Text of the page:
This pertains not just to presidential politics, but especially local politics. You'll have a new mayor, perhaps new senators and congressmen at both the state and federal levels. Get to know these people.
If you are successful at the shape shifting part (without completely abandoning your personal ethics), the more invisible your opinions will become. You do not want people to know what you really think about political realities. If asked, "are you a republican or a democrat?" you will get as evasive as the politicians, you are neither. You are a public servant who works "across the aisle" to bring home the resources for the kids.
This all sounds insincere, cynical, and even dishonest. I assure you, it is simply practical. In the end, your opinions about the role of government in the education of our children are irrelevant. Both ways work if you are clever enough to absorb the changes and move with them. This is not Pollyanna talking, just a positive approach that will work for you if you are a quick study.
The first step in a shift of power is to get the know the players. Introduce yourself to the new mayor. He or she will play a big role in helping you get support for government grants. You may find yourself spending time in state senate offices, the people there are in a position to help you, even if they are on the "wrong" side of the aisle this time around. The pendulum will eventually swing back, it always does.
Let us know how you're doing. There are many ways to raise funds for your school, I've just touched on a few. Comment on this blog.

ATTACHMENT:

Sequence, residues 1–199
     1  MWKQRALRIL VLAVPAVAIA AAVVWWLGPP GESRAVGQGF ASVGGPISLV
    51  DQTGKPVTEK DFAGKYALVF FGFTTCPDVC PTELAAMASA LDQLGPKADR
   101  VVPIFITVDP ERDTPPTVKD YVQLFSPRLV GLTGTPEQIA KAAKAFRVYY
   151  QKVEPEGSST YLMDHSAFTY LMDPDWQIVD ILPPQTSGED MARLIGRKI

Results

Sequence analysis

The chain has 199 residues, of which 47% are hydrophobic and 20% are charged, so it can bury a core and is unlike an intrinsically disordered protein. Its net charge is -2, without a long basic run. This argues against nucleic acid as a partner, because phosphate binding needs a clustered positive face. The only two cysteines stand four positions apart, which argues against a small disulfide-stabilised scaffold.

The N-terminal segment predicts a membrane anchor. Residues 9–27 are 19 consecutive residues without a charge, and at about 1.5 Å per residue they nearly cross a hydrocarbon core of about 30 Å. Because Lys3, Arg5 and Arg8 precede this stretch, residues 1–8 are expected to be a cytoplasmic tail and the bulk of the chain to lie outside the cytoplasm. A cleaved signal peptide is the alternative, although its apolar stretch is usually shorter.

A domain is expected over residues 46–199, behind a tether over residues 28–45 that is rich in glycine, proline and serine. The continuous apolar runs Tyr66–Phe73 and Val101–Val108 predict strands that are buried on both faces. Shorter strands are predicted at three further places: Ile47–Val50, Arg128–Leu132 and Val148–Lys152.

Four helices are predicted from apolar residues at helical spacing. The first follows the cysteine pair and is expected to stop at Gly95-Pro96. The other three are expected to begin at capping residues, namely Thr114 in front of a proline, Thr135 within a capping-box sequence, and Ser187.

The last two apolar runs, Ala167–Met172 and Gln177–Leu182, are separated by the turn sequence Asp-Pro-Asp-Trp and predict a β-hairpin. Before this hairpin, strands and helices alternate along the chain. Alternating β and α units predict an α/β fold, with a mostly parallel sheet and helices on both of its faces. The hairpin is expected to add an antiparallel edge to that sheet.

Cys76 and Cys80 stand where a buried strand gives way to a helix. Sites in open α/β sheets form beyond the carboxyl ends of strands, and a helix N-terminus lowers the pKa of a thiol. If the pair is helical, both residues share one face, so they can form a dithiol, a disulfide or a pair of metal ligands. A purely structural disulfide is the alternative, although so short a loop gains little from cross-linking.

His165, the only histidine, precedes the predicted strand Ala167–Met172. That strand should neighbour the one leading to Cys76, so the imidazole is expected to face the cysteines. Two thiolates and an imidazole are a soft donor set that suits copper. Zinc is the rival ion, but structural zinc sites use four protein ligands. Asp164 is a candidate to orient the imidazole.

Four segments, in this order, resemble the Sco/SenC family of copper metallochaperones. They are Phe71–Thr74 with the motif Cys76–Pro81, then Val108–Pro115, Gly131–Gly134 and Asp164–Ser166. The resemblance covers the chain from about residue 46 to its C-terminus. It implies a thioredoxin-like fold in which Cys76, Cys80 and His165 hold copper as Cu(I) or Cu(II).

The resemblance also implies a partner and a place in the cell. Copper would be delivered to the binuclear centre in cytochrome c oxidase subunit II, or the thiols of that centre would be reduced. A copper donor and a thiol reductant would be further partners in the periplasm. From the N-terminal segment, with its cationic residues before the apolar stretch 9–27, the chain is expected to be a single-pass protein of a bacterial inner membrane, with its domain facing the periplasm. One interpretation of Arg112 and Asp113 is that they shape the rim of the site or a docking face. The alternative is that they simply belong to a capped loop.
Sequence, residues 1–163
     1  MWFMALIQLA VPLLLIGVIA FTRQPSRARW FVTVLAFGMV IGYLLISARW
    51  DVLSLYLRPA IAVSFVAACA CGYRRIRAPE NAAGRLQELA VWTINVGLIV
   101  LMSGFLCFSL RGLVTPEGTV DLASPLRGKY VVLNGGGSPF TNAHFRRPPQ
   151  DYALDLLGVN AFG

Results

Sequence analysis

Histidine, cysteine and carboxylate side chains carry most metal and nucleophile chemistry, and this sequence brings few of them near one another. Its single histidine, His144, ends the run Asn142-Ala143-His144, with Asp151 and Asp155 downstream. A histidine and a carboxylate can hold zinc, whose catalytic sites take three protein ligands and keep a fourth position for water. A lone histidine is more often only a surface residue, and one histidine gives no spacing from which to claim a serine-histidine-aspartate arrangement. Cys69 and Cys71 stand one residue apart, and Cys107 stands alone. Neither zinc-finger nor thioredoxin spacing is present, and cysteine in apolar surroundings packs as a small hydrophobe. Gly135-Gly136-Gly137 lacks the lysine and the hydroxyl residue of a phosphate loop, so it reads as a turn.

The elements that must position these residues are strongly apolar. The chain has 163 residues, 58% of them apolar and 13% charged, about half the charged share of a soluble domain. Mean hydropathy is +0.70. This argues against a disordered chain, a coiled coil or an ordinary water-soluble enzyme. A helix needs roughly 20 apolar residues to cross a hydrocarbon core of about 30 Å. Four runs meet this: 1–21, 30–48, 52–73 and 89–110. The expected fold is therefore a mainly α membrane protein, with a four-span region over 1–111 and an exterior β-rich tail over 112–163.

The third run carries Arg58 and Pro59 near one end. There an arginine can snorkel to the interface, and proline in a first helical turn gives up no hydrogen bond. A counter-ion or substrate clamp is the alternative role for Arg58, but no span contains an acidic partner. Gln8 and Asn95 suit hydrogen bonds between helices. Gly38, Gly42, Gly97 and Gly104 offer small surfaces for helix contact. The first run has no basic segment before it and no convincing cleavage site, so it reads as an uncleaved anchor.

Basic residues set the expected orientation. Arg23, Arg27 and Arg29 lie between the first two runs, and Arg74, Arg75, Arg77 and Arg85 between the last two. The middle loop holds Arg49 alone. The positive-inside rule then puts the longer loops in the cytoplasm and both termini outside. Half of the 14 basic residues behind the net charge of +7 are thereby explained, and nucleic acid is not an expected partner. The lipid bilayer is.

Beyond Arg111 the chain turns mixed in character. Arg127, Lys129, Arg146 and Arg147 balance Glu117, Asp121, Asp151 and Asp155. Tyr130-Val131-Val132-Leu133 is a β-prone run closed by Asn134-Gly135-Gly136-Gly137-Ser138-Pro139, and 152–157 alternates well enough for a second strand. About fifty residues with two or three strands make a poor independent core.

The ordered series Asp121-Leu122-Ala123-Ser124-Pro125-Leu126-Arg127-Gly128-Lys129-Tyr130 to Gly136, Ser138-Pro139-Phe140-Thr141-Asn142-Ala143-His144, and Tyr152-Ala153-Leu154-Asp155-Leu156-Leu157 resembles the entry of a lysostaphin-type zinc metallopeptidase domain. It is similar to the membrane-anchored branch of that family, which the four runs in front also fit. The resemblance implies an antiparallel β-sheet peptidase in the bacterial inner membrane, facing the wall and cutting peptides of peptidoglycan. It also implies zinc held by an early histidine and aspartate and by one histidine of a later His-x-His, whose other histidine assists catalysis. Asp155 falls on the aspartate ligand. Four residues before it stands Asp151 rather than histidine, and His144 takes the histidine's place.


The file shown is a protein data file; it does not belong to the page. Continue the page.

Current Grant Opportunities
Arts in Education Model Development and Dissemination Program from the United States Department of Education- The Arts in Education Model Development and Dissemination (AEMDD) program supports the enhancement, expansion, documentation, evaluation, and dissemination of innovative, cohesive models that are based on research and have demonstrated that they effectively—(1) integrate standards-based arts education into the core elementary and middle school curriculum; (2) strengthen standards-based arts instruction in these grades; and (3) improve students’ academic performance, including their skills in creating, performing, and responding to the arts.
States: All States
Average Amount: $450,000.00 - $550,000.00
Total Amount: $8,600,000.00
Address: 400 Maryland Avenue SW., Room 4W240, Washington, DC 20202-5950
Website: US Department of Education
Eligibility: Public School, Private School
Program Areas: Arts, General Education
EcoTech Grants from the Captain Planet Foundation- Sixteen grants will be awarded to schools or non-profits organizations for the purpose of engaging children in inquiry-based projects in STEM fields (Science, Technology, Engineering and Math) that use innovation, biomimicry / nature-based design, or new uses for technology to address environmental problems in their communities.
States: All States
Average Amount: $2,500.00
Address: 133 Luckie Street, 2nd Floor, Atlanta, GA 30303
Website: Captain Planet Foundation
Eligibility: Public School, Private School, Other
Program Areas: After-School, General Education, Math, Science/Environmental, STEM (Science, Technology, Engineering, Math), Technology